Media Focus on the Darker Side of Genetic Manipulation

       ‘All This Biotechnology is Scary’

          New York Times, 20 November 1998

‘The Frankenstein Food Scare that Killed U.K. Biotech’

  National Post, 7 May 1999

  ‘Genetically Modified Food: Alarmingly Out of Control’

  International Herald Tribune, 5 August 1999

   ‘How Safe is Genetically Modified Food?’

Business & Technology, 26 July 1999

      ‘Now It’s the Franken-Fish’

      Daily Mail, 29 July 1999

4 specific fears:

·             Unintended consequences potentially disastrous

·             Individual decisions are not possible

·             Biotech is technically complicated

·             Are we smart enough to play God?




Research Question

To what extent can stakeholder dialogue
facilitate the introduction of biotechnology?




The Emergence of Stakeholder Dialogue

·       Shell:
- “finding ways to involve our stakeholders in some of what we do, particularly when we are making crucial decisions which will have a serious impact, perhaps for generations to come”

·       Monsanto
- dialogue “is a search for answers. It’s a search for common ground; for constructive solutions that work for a wide range of people. Debate tends to be ‘either/or’ and dialogue tends to be ‘both/and’”

·       Elkington (1998) “priorities & strategies are better-rooted in emerging realities, more credible with all stakeholders, and, as a result, more robust”

Literature Review:  Motivations for Engaging with Stakeholders

·       Harrison & St. John (1996) on justifications for stakeholder management

Instrumental Perspective (“we should do it because it will pay off in the end”)

Enhanced ability to predict /control the external environment

Higher percentage of successful new product/service introductions

Higher levels of operating efficiency

Fewer accidents of damaging moves by stakeholders (i.e. boycotts, strikes, bad press)

Less conflict with stakeholders resulting in fewer legal suits

More favorable legislation/regulation

More reasonable contracts

Higher entry barriers leading to more favorable competitive environment

Higher levels of trust

Higher levels of profitability ?

Greater organizational flexibility

Normative Perspective (“we should do it because it is the right thing to do”)

Moral and philosophical basis for recognition of stakeholder interests

Increased media power and heightened interest in corporations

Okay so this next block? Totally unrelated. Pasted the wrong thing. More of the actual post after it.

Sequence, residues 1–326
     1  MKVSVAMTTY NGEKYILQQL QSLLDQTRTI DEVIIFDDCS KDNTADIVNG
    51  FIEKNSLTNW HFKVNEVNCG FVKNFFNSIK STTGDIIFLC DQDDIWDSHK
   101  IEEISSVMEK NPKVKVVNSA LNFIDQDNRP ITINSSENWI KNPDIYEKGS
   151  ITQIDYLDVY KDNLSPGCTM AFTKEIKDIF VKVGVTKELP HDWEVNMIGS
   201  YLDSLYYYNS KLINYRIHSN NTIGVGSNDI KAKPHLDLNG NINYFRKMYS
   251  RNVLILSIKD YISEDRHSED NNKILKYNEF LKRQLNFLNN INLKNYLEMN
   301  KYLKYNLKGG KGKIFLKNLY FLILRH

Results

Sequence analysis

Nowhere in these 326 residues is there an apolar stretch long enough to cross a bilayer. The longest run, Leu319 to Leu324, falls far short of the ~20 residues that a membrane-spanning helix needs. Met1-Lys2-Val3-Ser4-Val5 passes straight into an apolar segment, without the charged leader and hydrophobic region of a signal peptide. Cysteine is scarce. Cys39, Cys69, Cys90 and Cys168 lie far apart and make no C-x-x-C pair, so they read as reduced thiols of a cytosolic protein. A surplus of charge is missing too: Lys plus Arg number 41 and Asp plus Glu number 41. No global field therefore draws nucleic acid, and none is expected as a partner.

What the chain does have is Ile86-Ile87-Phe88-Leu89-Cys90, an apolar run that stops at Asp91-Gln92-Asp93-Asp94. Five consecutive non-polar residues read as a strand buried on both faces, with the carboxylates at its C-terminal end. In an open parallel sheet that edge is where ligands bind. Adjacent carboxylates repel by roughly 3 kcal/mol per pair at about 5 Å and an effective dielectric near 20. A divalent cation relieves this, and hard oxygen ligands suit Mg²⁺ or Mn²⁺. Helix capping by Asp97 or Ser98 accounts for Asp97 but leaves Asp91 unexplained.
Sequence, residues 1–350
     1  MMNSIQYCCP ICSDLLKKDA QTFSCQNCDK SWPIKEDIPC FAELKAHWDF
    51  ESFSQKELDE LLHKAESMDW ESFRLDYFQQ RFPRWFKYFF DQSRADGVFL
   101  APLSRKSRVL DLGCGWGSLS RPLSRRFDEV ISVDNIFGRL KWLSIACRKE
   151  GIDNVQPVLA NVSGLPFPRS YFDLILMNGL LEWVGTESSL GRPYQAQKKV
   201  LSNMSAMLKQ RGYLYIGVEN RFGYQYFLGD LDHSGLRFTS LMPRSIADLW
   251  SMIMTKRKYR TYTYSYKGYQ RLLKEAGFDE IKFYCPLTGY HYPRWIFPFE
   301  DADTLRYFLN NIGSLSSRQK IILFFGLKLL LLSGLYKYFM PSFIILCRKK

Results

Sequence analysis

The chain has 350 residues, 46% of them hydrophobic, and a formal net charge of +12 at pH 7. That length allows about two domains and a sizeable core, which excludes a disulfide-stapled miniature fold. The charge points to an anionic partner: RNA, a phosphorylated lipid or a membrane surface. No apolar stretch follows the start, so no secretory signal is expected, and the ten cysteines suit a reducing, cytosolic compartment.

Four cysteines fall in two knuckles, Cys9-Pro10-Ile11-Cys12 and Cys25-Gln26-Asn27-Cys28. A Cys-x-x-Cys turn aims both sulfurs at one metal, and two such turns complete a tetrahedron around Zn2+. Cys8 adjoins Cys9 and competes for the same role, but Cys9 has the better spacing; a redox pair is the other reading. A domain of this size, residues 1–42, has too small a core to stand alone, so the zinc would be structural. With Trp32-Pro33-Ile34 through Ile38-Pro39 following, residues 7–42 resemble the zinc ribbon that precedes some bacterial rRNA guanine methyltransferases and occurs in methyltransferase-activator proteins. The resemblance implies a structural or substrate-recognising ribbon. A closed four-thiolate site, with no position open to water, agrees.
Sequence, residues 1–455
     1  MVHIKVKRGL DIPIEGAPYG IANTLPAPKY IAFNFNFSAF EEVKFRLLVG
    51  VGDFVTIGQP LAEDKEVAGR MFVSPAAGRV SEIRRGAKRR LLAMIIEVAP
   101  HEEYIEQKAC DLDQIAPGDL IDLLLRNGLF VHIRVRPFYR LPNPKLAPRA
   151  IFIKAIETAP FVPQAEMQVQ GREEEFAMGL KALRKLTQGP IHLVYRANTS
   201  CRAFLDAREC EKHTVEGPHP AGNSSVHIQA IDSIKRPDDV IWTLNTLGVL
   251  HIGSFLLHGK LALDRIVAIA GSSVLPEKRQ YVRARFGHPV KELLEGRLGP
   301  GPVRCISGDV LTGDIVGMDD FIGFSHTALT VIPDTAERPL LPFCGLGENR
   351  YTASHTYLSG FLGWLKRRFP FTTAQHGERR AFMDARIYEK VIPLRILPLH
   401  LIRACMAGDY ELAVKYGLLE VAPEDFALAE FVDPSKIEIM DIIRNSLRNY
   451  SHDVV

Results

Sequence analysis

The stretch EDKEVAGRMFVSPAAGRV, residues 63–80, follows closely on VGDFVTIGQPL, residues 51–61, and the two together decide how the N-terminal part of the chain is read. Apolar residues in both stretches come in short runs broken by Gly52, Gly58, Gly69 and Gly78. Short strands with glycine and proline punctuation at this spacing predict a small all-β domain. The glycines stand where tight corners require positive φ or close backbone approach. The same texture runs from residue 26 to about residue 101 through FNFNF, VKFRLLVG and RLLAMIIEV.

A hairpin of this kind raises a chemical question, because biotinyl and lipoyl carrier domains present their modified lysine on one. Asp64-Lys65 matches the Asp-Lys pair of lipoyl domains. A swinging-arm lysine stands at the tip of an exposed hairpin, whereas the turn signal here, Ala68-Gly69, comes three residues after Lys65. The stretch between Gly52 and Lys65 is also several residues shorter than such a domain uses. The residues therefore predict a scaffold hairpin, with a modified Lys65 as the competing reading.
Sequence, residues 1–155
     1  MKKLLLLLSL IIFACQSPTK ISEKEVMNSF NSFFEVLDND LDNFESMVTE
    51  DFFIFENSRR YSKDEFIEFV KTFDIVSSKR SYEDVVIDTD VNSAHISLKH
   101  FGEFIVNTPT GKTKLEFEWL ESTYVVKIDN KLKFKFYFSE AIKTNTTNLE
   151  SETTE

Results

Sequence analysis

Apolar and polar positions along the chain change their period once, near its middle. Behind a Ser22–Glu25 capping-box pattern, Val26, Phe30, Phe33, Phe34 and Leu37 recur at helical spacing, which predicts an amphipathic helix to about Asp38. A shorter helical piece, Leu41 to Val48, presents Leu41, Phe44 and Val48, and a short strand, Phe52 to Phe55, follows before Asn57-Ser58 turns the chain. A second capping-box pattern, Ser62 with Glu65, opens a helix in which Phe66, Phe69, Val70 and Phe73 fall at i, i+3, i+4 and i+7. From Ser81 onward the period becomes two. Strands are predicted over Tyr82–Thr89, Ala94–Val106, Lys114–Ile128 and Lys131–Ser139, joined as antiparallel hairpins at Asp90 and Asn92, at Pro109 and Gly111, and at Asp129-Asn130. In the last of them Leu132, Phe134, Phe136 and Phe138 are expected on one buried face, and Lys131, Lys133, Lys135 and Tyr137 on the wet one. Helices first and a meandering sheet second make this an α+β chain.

Statutes that allow board of director consideration of a broader group of stakeholders

·       For Hart (1995), benefits relate to incorporating “the voice of the environment”

·       Heugens et al (2000) – ‘buffering’, ‘co-optation’, ‘mutual learning’, ‘meta problem-solving’

·       Meznar & Nigh (1995)
- “buffering”: a firm either resists environmental change or tries to control it
- “bridging”: a firm promotes internal adaption to changing external circumstances

Developing Multiple Case Studies in the Biotech Sector

Research Method

·       Exploratory case studies

-        suitable for answering “how” and “why” questions

-        well-suited to my goal of generating & building theory in an area
where little data or theory exists (Yin, 1984)

-        multiple cases provide reassurance that “events and processes in one
well-described setting are not wholly idiosyncratic” (Miles & Huberman, 1994)

·       Within-sector cases facilitates:

-        comparison through replication of results to enable ‘analytic generalization’
(Yin, 1984)

-        control of relevant external influences
- degree of regulation, industry-wide environmental standards & common
  practices, scrutiny by the media/special interest groups, etc.



Why These Cases?

3 Cases in the Biotech Sector:

·       They each have a long history of engaging with environmental stakeholders

·       They each have strong public reporting records (on economic, environmental, and increasingly social dimensions)

·       Each company has launched products aimed at the food sector that use GMOs and each is expected to launch additional GMO products in the future

·       They are each the subject of tremendous public concern in Europe regarding their use and deliberate release of GMOs into the environment

·       Each company has had varying acceptance of its products by society

·       Failure to get society’s acceptance of the use of GMOs/biotechnology could seriously jeopardize the company’s economic performance

·       Each company has made a high level, formal commitment to stakeholder dialogue

·       Stakeholder dialogue has been operationalised in each company by varying degrees

Data Gathering and Analysis

Data sources

1)             interviews inside companies

2)           interviews with people involved in guiding/advising/consulting
on their stakeholder dialogue process

3)           relevant corporate reports, speeches, documents,
position papers

Analysis of Qualitative Data

·      variable clusters

·      use of interpretive methods (eg. discourse analysis)